Yea, The patent drawings I found previously showed a few different designs.  One had the bimetal “valve” that was “built-in” to the tube.  It looks like maybe that internal bimetal thermo-valve part is what is missing from your pipe?  Does the hole go all the way through like the Yello-Bole, or is there something beside tobacco/ash plugging the hole?
         Another design had the bimetal valve assembly through the back wall of the pipe bowl into a air passage that intersected the shank airway.  Not sure how they drilled that one? I did not look close enough at the drawings.  That design looked way to complicated.
  • @RockyMountainBriar Tnx for asking. The hole goes straight through the bowl. I'm guessing it had some kind of heat sensitive "valve" that is now missing. The problem is I can't find anything out there with this single hole setup. 
    I'm hoping one of these days I'll trip across a same system pipe. Until then, I can only speculate... 🤔🤔🤔
  • I really need to find those patent drawings.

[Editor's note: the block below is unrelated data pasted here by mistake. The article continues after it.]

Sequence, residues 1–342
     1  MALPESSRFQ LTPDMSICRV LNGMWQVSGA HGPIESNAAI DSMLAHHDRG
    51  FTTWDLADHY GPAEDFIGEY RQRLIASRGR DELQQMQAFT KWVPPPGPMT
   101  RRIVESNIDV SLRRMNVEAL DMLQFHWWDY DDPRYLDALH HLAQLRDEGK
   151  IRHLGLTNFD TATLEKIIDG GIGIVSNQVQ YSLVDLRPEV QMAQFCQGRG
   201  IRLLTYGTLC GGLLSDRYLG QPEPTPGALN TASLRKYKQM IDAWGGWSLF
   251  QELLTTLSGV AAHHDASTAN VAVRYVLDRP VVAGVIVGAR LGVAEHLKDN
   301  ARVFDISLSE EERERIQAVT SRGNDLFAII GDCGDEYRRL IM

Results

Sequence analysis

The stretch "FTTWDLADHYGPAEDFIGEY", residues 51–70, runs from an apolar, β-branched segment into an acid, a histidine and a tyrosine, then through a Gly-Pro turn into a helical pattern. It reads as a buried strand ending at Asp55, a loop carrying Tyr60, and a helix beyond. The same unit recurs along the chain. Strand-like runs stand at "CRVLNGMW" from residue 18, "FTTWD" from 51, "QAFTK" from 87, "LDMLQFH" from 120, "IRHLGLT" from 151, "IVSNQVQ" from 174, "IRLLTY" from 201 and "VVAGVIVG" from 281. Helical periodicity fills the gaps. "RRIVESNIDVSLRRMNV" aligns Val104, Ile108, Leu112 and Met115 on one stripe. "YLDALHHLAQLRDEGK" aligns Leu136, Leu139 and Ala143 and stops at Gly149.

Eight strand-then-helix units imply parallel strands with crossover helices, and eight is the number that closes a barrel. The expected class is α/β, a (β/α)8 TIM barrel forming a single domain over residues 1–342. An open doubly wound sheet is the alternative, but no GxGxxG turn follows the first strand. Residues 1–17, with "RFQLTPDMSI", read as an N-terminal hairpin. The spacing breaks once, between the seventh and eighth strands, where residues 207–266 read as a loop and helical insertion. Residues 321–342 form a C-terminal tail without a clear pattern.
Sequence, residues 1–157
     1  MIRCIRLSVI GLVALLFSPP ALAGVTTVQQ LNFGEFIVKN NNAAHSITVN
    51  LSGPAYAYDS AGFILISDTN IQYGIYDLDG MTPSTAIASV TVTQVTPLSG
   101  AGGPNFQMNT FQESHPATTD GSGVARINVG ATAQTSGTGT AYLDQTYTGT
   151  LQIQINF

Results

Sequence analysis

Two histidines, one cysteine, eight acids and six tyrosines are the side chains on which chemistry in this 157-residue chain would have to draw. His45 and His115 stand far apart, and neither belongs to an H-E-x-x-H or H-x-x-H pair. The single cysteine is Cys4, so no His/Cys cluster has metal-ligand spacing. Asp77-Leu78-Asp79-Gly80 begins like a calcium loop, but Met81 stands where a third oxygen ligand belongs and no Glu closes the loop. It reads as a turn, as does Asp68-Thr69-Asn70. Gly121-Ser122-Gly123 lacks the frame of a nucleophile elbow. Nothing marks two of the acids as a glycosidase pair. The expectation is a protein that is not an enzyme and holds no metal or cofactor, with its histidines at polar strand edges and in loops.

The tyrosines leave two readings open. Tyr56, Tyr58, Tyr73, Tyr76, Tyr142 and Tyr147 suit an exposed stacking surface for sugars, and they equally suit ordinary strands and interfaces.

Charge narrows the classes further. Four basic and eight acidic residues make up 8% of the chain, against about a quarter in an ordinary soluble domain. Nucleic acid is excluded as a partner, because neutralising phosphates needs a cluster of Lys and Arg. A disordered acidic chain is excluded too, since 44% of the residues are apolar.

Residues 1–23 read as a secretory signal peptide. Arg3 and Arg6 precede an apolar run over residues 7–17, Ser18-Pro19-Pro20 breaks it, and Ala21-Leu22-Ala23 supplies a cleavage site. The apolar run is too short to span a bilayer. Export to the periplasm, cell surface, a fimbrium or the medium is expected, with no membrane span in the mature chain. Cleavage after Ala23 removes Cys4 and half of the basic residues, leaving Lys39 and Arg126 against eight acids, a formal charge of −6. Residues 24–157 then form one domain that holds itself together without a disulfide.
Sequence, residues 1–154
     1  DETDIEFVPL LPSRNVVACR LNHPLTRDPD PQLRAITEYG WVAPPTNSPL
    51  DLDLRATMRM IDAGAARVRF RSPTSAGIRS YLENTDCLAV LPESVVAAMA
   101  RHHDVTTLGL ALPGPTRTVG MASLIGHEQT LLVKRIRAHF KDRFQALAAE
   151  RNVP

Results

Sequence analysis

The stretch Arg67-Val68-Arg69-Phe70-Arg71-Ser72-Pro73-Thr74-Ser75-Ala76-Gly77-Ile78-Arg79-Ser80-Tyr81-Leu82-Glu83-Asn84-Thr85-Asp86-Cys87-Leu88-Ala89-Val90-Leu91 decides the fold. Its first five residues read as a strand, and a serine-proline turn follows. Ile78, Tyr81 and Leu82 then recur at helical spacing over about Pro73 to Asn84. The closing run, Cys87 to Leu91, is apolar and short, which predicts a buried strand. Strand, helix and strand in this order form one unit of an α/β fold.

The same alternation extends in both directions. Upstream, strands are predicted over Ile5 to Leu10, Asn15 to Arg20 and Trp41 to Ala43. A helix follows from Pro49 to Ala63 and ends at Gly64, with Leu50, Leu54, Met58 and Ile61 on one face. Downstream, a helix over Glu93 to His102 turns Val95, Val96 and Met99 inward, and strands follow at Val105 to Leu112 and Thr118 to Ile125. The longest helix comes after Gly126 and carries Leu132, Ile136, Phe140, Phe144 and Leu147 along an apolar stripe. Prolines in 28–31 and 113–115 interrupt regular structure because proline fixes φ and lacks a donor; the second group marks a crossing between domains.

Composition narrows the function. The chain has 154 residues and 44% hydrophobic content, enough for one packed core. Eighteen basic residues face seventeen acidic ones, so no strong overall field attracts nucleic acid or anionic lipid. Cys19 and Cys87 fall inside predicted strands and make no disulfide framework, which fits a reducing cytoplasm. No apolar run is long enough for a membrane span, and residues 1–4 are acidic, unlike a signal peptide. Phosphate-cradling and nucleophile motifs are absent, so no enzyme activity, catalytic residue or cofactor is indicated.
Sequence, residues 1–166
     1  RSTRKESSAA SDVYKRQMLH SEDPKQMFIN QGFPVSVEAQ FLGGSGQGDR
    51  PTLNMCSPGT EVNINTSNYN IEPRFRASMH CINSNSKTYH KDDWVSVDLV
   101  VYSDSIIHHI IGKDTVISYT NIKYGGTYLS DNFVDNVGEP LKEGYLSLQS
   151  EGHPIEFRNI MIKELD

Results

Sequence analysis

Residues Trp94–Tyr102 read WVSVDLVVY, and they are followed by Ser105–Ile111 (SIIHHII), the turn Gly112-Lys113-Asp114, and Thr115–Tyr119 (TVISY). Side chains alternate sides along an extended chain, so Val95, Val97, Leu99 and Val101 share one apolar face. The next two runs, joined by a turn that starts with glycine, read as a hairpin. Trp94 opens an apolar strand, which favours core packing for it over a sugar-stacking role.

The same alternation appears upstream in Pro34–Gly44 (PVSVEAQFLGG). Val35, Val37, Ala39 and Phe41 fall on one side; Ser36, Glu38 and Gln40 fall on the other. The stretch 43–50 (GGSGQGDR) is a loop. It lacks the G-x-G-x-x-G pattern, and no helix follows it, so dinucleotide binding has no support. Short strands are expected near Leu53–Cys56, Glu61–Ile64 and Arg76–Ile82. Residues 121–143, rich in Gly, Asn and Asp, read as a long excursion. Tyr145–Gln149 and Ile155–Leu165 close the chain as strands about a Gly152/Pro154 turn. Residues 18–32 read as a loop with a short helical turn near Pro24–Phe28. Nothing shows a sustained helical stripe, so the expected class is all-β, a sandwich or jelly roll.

• KA9FFJKA9FFJ Master
    edited December 2019
    @RockyMountainBriar See what I mean? After giving it a good cleaning, looks like a brass tube... period... ? 
  • motie2motie2 Master
    edited December 2019
    This reminds me -- vaguely -- of the little brass hole in the side of the pipe stem on a Duncan Hill Aerosphere, the one non-EA Carey I kept from my first pipe life (1964 - late 1980's)

    “The Duncan Hill Aerosphere smoking system (U.S. patent #4,275,747) utilizes the same principle of physics as the manometer. The Aerosphere, visible as the brass pin on the side of the mouthpiece, brings a scientifically measured amount of air into the stem with each puff. The control of the amount of air and the velocity of the air produces two effects that result in superior smoking pipe performance.”

    For more detail: https://rebornpipes.com/tag/duncan-hill-aerosphere-history/

  • @motie2 Good research. The brass you see in my pic is slightly inset where I am assuming a missing "cap ring" should be covering it (-10 pts)...
Sign In or Register to comment.